The English composer William Walton was born in Lancashire on 29 March 1902 and died on Ischia in the Bay of Naples on 8 March 1983. He studied with his father and at Oxford, but was otherwise self-taught. His music for Façade accompanied Edith Sitwell's recited poems. Later significant works are Belshazzar's Feast, the opera Troilus and Cressida and two symphonies.
A selection of M&V articles about William Walton
Ensemble. Deeply Satisfying - John Wilson conducts the CBSO, heard by Mike Wheeler
CD Spotlight. An Unqualified Winner - Christmas music from Voces 8, recommended by Howard Smith. '... breathtaking clarity.'
An Invaluable Book - Gergely Hubai's 'Torn Music: Rejected film scores, a selected history', recommended by Patric Standford
Ensemble. The Finest of Them All - The 2012 Hereford Three Choirs Festival, reviewed by Roderic Dunnett
Ensemble. Strength of Purpose - Nicholas Collon conducts Sinfonia Viva, heard by Mike Wheeler
CD Spotlight. Seductive Lyricism - Walton and Barber Violin Concertos, heard by Robert Anderson. 'Bowes is wonderfully convincing on all counts.'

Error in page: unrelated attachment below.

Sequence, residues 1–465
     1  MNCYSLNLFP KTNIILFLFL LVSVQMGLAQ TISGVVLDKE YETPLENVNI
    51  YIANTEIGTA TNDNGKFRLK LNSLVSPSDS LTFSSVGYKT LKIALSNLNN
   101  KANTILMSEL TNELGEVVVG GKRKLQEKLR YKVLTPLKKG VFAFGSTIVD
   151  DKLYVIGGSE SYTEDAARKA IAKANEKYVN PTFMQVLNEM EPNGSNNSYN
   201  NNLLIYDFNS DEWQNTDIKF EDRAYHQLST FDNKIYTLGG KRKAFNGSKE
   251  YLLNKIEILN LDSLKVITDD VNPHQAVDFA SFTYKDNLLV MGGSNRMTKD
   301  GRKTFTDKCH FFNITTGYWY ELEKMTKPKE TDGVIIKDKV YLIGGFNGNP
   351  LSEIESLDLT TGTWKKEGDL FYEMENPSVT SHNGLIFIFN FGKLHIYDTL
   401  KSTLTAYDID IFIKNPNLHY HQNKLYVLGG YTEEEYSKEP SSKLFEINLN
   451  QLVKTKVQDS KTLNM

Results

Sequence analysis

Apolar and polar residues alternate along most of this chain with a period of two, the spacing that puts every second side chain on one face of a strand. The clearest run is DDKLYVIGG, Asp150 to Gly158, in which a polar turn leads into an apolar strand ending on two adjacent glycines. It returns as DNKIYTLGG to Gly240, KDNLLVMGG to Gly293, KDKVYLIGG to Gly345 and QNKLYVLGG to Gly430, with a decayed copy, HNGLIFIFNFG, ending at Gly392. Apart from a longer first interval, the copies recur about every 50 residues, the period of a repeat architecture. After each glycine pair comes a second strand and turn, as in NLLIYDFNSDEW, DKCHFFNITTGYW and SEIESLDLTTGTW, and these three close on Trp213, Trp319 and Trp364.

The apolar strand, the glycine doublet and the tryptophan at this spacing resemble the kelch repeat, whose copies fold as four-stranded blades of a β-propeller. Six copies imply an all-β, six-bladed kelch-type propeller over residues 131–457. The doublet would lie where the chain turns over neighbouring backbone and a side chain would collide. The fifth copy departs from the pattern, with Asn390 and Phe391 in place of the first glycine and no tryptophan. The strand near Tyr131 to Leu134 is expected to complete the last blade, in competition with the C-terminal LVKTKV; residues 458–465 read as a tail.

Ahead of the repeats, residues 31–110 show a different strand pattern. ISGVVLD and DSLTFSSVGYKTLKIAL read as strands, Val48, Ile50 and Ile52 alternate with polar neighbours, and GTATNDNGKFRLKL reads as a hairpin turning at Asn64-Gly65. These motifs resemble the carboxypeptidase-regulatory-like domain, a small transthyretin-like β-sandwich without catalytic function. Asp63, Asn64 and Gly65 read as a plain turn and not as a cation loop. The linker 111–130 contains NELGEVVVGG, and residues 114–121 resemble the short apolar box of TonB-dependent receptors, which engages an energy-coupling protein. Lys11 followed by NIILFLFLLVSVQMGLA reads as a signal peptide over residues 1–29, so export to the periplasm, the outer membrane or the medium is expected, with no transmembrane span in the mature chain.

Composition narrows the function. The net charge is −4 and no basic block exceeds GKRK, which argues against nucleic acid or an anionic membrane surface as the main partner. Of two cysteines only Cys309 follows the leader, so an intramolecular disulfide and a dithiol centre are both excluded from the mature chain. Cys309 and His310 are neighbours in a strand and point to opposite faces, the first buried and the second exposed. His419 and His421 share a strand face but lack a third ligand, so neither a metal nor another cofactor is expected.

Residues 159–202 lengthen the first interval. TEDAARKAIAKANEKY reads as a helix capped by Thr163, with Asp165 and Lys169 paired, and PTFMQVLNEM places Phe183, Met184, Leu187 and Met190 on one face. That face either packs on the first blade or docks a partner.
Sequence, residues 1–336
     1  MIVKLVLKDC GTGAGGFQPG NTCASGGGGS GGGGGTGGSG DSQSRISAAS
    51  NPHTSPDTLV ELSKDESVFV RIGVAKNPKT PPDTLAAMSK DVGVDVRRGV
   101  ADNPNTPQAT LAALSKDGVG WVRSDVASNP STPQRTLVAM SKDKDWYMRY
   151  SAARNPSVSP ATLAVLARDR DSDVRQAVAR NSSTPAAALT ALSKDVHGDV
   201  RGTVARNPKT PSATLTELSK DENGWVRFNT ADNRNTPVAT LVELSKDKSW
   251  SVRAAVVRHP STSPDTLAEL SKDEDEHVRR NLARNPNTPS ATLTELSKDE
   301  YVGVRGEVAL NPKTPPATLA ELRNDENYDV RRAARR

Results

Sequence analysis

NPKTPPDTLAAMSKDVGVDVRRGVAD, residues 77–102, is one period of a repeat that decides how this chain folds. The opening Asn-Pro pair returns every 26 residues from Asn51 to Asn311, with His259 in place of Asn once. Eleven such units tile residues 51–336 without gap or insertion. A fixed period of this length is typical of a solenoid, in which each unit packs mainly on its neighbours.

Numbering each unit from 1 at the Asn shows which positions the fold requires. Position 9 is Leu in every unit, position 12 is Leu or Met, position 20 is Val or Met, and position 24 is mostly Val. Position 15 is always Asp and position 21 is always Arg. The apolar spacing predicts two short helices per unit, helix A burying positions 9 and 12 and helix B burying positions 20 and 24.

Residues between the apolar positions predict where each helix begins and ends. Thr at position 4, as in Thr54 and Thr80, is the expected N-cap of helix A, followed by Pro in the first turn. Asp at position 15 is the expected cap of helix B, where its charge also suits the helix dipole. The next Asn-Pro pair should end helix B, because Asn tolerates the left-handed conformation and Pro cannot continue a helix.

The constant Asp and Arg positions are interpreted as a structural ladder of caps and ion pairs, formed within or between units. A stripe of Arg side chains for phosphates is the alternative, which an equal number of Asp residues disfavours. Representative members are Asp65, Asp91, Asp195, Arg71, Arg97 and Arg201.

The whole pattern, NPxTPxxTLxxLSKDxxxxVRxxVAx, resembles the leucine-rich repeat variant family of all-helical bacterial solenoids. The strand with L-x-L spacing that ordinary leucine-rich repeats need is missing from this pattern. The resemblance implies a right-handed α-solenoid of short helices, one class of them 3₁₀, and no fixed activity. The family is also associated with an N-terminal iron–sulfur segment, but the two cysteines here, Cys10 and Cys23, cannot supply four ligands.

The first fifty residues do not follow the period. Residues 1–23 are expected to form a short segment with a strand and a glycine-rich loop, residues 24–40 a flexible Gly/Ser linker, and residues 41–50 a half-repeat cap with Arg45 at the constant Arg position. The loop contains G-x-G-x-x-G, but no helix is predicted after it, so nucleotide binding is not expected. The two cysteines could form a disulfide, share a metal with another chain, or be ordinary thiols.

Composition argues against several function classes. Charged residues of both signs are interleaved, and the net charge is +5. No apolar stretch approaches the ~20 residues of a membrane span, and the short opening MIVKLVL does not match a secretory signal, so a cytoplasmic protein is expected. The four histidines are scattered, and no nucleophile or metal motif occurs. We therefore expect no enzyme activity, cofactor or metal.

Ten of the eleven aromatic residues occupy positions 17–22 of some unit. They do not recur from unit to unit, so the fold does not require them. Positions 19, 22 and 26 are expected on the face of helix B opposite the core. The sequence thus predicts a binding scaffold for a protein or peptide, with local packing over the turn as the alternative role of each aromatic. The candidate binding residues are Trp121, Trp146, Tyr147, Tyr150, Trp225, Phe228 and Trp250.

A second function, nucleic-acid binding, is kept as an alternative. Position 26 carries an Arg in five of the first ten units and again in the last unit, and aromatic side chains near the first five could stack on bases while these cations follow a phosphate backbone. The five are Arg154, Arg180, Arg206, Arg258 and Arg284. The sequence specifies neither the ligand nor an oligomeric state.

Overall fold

CD Spotlight. A Hint of Bitters - Music by William Ferris, heard by Howard Smith. 'Well worth investigating.'
Ensemble. A Great Occasion - The Derby Roundhouse debut as a concert hall, described by Mike Wheeler
Ensemble. Beautifully Realised - Haydn, Poulenc, Szymanowski and Walton, sung by Derby Bach Choir and the girl choristers of Derby Cathedral, heard by Mike Wheeler
Ensemble. Beautifully Expressive - The Isolani Quartet, heard by Mike Wheeler
Ensemble. Crystalline Lightness - A Symphony of the Americas concert, reviewed by Lawrence Budmen
Effectively Projected - York Minster's Robert Sharpe plays the organ at Derby Cathedral, reviewed by Mike Wheeler
Ensemble. Elegance and Authority - Leila Josefowicz and the Bournemouth Symphony Orchestra in Nottingham, reviewed by Mike Wheeler
A Stressful Collaboration - Gerard Schurmann describes his involvement with the music score for 'Lawrence of Arabia'
Ensemble. Heart-rending beauty - Concertos by Elgar and Kopytman, reviewed by Malcolm Miller